Resolutions

By on December 27, 2010

How many times have you started off the new year with high hopes and a long list of lofty resolutions only to end up frustrated by the end of the first quarter (if not sooner!) to see that many, if not all, of your New Year’s resolutions have fallen by the wayside? If you wish to break this pattern without giving up hope of finishing 2011 better than you started it, try the following:

 

1. Don’t make resolutions!

At least not in the traditional way. Most people’s New Year resolutions look like an overwhelming laundry list of “to dos” that would require herculean willpower (not to mention an extra forty-hour work week) to implement. The energy required to implement so many changes simultaneously simply cannot be sustained.  So what does work?

 

2. Express gratitude.

I always start my New Year off by cataloguing in writing all that I am grateful for from the past year. Very often the things I am most grateful for were not things that I had planned to do. Whether a new friend, an unanticipated business opportunity, or  a challenge overcome, this awareness that life has a way of working out helps me chill out, be more trusting, and be more willing to risk following my heart. This exercise also tends to make people aware that the simple joys of living, such as friends, family, health and, in your case, the daily joys of living in Japan, provide perspective on what really makes life worth living for you.

 

3. Identify your intentions.

The next step is to go through the different areas of your life and identify intentions for the changes you would like to see by the end of 2011. Avoid listing anything because you think you “should” or “have to” make a change in that area.  It is far easier to sustain the energy to follow through on change if it is in alignment with who you truly are and want to be. You can set intentions in many categories including the spiritual, relationship, creative, business, financial or career areas of your life. To set your intentions, ask which areas of your  life, if you made even slight changes, would have the most positive impact on your overall wellbeing? Describe specifically how you would like things to look when the change is made rather than making a to-do list of how you are going to create that change.

 

4. Pick a theme.

The above might not sound so different than the typical goal-setting method, but the real power comes from this last step. Look back over all of your intentions to find an overall theme for the positive changes you want to see in your life and work this year. In my case, the thread that I saw running through my intentions for 2011 is “maximizing freedom”.  We are hoping to have a second child and our business and personal intentions center around building the  infrastructure to deliver our products and services in a way that is less dependent on us having face time with our clients.  I do have specific goals but if I think about them all at once they  become  overwhelming. By focusing on my core theme, I can keep this at top of mind on a daily basis and use it to guide all of my actions and decisions. No matter how busy or stressed I am, I can usually manage to hold one theme in my head. To make it even easier, form your theme into a question. My question this year is: “Which choices will maximize my freedom  to grow my family?” Focusing on one theme, rather than a long list of goals, will reduce stress, increase your openness to opportunities and ultimately give you much more success in creating the results you truly desire.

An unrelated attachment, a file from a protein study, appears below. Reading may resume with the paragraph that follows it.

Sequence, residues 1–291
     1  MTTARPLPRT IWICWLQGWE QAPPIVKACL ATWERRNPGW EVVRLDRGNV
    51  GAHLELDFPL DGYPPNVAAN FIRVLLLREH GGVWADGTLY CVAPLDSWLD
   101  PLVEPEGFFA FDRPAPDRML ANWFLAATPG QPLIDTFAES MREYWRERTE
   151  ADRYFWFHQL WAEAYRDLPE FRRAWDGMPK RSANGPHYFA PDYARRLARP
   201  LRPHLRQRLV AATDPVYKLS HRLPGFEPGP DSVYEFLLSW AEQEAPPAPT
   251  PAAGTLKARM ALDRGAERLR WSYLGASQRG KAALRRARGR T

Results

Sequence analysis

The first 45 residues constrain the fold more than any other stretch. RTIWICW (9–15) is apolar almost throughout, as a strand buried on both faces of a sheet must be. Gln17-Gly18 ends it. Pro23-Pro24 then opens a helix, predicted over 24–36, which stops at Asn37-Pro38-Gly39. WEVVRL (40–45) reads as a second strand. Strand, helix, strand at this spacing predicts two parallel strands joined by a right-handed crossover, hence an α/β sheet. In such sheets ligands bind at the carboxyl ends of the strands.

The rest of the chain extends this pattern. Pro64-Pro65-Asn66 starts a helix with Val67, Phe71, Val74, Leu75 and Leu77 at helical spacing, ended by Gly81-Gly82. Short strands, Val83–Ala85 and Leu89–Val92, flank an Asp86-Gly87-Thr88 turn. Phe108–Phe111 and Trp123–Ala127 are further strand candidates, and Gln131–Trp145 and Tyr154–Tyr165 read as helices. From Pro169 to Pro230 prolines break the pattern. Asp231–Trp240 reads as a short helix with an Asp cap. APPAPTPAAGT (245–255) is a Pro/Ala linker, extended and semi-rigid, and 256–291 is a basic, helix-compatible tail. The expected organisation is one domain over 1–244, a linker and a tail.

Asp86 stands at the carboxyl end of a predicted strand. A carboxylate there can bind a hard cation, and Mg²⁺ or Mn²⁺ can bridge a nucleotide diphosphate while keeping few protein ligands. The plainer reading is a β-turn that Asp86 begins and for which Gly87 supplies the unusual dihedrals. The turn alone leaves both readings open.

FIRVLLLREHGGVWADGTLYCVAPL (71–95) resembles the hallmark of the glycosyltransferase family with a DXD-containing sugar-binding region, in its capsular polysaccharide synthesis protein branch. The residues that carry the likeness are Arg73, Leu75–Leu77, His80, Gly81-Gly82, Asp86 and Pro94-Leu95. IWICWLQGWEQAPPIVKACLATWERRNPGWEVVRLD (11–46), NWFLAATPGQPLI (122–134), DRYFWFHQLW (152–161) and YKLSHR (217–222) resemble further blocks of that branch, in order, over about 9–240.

Andrea Jacques, founder of Kyosei Consulting International, has spent more than 20 years developing the potential of individuals and organizations worldwide. Five of these years were spent in Japan where the core philosophies of her work on the relationship between passion, performance, and profits took shape.  A dynamic speaker, coach, and facilitator, her work integrates leading eastern and western thought with top-tier leadership, engagement, wellness and sustainability consulting to build the capacity of people and business to thrive. Her clients represent a diverse cross-section of industries including banking, retail, government, insurance, academia and high-tech. She can be contacted through her website at  www.kyoseiconsulting.com

About Andrea Jacques

Andrea Jacques is the founder of Kyosei Consulting and the author of Wabi-Sabi Wisdom: Inspiration for an Authentic Life (available on Amazon.com). She has spent more than 20 years developing the potential of people and businesses worldwide, five of which were in Japan. A dynamic speaker, coach, and facilitator, her work helps individuals and organizations build thriving, purpose-driven cultures where employees know their work truly matters. Learn about career and entrepreneur coaching programs (and download some free tools for meaningful work and living your purpose) at www.kyoseicoaching.com or their workplace transformation programs at www.kyoseiconsulting.com